If you’re not up for just adding an action word to your domain name, you can try extending your brand name through your domain. Let’s go back to boat insurance for a minute, if you sell boat insurance, but also focus on bikes, then you could reasonably use the domain name boatandbikeinsurance.com. Ok, yes that one looks a little funny, but again, break it down and you see exactly what you get from that site, boat and bike insurance.
Doing it this way keeps you on brand and allows you a usable domain name that will still drive traffic to your site. Lots of major brands have done this before their primary domain was available.
This is actually a pretty simple solution that works without you having to change the content of your domain name. You have a couple of options here and should use whatever makes the most sense.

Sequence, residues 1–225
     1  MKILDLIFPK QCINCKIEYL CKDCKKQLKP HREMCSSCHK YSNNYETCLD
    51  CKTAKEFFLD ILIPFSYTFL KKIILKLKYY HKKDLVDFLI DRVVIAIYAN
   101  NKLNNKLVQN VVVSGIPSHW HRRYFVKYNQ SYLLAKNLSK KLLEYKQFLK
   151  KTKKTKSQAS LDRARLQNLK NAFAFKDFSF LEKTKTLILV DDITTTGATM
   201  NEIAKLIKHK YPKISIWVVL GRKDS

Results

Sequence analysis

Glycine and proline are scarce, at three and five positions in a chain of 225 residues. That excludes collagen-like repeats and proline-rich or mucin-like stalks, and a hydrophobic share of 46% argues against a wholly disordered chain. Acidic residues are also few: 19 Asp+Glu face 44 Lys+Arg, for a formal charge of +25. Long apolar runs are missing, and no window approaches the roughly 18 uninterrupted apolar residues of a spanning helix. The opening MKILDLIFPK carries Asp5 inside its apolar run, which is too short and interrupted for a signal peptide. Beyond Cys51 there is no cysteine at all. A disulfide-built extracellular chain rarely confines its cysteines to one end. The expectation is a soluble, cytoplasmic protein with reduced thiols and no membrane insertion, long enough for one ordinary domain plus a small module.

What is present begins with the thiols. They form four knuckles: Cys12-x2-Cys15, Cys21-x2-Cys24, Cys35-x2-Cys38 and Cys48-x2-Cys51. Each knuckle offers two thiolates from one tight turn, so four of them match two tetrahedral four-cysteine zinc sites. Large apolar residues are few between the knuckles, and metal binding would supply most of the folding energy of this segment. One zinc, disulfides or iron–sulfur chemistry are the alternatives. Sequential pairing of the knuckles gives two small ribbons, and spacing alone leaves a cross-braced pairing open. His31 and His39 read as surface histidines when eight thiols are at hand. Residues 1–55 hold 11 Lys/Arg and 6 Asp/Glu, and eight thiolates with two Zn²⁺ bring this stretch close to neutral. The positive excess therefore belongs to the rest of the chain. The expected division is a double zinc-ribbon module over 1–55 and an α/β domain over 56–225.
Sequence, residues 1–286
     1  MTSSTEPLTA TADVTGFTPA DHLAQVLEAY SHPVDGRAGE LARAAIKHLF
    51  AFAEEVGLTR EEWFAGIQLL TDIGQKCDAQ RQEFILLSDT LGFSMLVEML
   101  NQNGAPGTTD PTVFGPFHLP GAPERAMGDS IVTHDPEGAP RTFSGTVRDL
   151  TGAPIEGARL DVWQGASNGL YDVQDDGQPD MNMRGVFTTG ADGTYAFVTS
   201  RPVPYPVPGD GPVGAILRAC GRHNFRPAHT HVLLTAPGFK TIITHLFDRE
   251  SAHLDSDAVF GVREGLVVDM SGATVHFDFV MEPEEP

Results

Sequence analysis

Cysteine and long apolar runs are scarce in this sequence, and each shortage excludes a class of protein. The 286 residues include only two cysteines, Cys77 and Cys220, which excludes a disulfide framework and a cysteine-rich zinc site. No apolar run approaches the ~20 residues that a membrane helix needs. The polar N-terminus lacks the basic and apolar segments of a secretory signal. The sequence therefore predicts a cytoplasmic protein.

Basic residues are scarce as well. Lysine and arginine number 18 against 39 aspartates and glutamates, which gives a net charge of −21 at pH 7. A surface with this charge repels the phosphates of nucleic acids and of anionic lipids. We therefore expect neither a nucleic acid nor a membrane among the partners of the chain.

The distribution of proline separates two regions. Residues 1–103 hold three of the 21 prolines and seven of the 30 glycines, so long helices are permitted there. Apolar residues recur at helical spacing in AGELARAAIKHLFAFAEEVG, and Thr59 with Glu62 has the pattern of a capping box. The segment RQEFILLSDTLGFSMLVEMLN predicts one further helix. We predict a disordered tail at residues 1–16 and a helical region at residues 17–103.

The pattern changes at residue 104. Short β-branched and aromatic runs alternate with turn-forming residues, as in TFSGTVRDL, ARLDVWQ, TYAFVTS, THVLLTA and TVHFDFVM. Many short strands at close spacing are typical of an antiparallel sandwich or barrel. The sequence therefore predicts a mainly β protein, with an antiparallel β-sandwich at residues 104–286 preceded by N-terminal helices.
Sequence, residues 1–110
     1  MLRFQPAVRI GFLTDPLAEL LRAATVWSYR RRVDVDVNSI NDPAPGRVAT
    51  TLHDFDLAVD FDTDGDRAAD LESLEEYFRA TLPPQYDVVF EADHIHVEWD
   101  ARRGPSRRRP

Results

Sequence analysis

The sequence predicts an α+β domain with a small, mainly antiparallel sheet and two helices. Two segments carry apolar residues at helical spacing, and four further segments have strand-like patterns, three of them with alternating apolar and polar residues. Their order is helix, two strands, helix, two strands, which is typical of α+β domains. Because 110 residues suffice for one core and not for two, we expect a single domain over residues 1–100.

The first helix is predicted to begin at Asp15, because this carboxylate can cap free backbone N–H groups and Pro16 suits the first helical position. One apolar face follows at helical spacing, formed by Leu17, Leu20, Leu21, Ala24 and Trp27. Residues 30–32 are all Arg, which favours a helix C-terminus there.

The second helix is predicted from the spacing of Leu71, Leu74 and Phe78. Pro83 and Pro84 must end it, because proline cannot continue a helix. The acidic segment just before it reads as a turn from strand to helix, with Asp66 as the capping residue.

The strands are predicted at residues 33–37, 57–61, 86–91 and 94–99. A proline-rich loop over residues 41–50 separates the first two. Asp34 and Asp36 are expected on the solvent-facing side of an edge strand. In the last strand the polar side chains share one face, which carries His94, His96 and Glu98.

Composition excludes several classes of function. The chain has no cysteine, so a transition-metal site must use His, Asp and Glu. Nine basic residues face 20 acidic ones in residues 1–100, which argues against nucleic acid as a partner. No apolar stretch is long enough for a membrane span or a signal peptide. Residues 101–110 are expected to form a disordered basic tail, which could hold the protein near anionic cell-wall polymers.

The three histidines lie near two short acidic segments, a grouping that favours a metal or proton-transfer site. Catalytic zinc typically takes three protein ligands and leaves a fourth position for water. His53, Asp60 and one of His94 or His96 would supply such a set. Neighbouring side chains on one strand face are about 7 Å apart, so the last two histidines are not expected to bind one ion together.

Going back to our boat insurance problem, you could easily choose the domain name boatinsuranceUSA.com, this is a bit more of a mouthful, but still conveys the message of boat insurance.
You could put USA at the front of the domain name instead, but then that’s what people will see first before boat insurance, so it’s important to think about the positioning of the words you use as well.
This isn’t always the first thing that everyone thinks about, but it is always an option to think about.
In case you’re unsure what this means, TLD stands for “top-level domain” and is essentially the label of the last three characters in your domain name after the final period. In other words, these are your .com, .org, .net, .edu, .gov, and other domain organizers. Think of the domains we own, including Link.Build. Yes .com is standard, but hundreds of other options will exist.